Listen To Article
A good bit of my summer was taken up by my hosting five listening sessions with groups of pastors. The purpose was to try to understand how the preaching landscape has changed since COVID and a welter of political divides have shaken the church along with the rest of society and indeed the whole world. My research was in service of a grant program my Center for Excellence in Preaching is hoping to pursue in coming years and so I traveled to California, Oregon, Iowa, Maryland, and Colorado to meet with groups of pastors from a variety of denominational traditions.
Each region had its own distinctive flavors and insights but there were also a number of common themes that emerged in all five listening sessions. And the bottom line could be stated this way: these are exceedingly difficult days for preachers and for the church generally. In this blog I cannot even begin to summarize everything that was shared but a few highlights may suffice to convey the idea that the church today—and those who lead churches—are facing significant challenges and it is by no means clear how this may all eventually shake out.
Perhaps the most common theme tied in with the lingering effects of the earliest days of COVID when the lockdown made all churches become virtual churches at least for a season. But although in-person worship resumed in most all places a while ago already, it is clear that hybrid worship is here to stay. Not everyone has returned in person. And even some who have come back are not present in church in person every week but sometimes opt to watch the Livestream or the recording of the service at some other (more convenient perhaps) time of the week.
Preachers shared various challenges related to achieving effective communication both for the people in front of them and for those online. But preachers noted some other unhappy side effects of how worship and sermons are viewed now. Several pastors noted that people now consume sermons on a screen the same way they consume any other YouTube video or other streaming videos online: passively. The idea of a sermon as a living Word from God fades when the sermon becomes just one of scores of videos people watch in any given week. Also, like other videos, people may not be averse to fast forwarding through what they deem the “slow” parts or just switching it off altogether if it’s not quite grabbing them. (Some of this may even carry over into how people receive sermons when they are listening in person.)
People treat sermons, one perceptive pastor noted, like a commodity now, like a product. Unsurprisingly, this commodification of preaching also leads to worship service videos and the sermon portion of such videos as something in competition with all the other videos being promoted on the side of the YouTube screen or on the Facebook Live page. Preachers are now more easily compared to lots of other preachers whose sermons are online and it may be easy for someone’s eyes to stray over to some other sermon video and then give that one a whirl instead.
Beyond these challenges related to hybrid worship are the expectations of many congregations when it comes to the content of sermons. In recent years many people have felt like we are in a constant state of crisis as we ricochet from one piece of bad news to the next, one political crisis to the next, one health crisis to the next. Thus there is a temptation, as one preacher put it, to adhere to “the Lectionary of CNN.” People expect their pastors to have something to say about the crisis of the moment, even though most preachers do not feel qualified to do so and are by no means certain it is their job to provide such running social commentary.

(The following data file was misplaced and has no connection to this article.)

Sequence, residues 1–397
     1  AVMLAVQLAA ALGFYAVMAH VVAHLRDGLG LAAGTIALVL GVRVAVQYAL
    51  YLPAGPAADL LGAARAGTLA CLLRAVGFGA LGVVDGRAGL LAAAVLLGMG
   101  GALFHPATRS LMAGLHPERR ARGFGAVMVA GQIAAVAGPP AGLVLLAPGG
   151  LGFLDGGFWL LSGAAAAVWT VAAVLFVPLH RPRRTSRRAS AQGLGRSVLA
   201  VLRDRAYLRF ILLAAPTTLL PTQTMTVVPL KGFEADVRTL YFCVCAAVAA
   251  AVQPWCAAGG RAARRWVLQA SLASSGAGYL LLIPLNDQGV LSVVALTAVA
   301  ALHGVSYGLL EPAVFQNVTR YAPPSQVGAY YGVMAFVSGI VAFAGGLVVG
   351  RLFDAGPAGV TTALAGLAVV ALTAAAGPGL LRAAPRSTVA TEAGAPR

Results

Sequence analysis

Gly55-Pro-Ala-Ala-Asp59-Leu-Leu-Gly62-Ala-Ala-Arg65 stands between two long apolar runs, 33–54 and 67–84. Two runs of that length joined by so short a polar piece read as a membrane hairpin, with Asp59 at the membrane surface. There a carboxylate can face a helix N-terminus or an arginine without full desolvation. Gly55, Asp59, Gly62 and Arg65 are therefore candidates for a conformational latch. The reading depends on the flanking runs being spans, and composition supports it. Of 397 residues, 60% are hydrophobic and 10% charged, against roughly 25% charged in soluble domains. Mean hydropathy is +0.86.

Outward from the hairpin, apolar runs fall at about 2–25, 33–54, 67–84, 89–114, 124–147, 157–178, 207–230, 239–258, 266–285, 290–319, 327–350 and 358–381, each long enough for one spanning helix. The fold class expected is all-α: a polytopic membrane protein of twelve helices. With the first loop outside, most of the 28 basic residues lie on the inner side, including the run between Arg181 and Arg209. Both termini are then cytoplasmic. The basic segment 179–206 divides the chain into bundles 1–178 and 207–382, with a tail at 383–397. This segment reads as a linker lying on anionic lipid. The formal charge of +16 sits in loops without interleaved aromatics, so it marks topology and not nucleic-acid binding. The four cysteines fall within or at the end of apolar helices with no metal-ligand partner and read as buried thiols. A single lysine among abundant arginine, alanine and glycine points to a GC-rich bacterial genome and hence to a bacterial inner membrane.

But when a given preacher refuses to cave in to this expectation, people get suspicious as to why. Just generally the majority of pastors to whom I listened this summer lamented that almost every word of their sermons now (and of also their public prayers) is scrutinized to see if there are any encoded messages. Say one thing about justice and some will slap a “woke” label on the pastor and for some folks, that will be the end of wanting to listen to that pastor. Say a certain word or phrase and the pastor is identified with the “elite” or with Black Lives Matter or with being anti-Trump or pro-Biden or . . .
Preachers in many places are trapped between the devil and the deep blue sea: they are expected to speak into the cultural moment whatever that moment may be but the minute they do so, they risk alienating one segment of the congregation or the other.
The acoustics in the church have altered such that pastors can get in as much trouble for what they don’t say as for what they do say. The divides of the culture war run right straight through congregations and since not a few people sized up their pastor’s socio-political views based on how that pastor reacted to the pandemic (the pastor insisted on masks, believed in social distancing, supported suspending in-person worship for a time OR the pastor did the opposite of all those things), what people decided on a given pastor’s socio-political views back then is the filter through which all else is heard now.
And there is more. But suffice it to say: if you are a member of a congregation, do what you can to support your pastor. He or she is walking a tightrope these days, more so in some congregations than others of course. Yes, I write as a pastor whose friends are mostly pastors and so I am biased. I am not blind to the fact that pastors can make egregious mistakes too and sometimes may alienate people in ways that are singularly the pastor’s own fault. True.
But many pastors feel stuck, discouraged, at sea, and not a little afraid. Pray for them and for the fractured wider Church of Jesus Christ that these pastors are endeavoring to serve.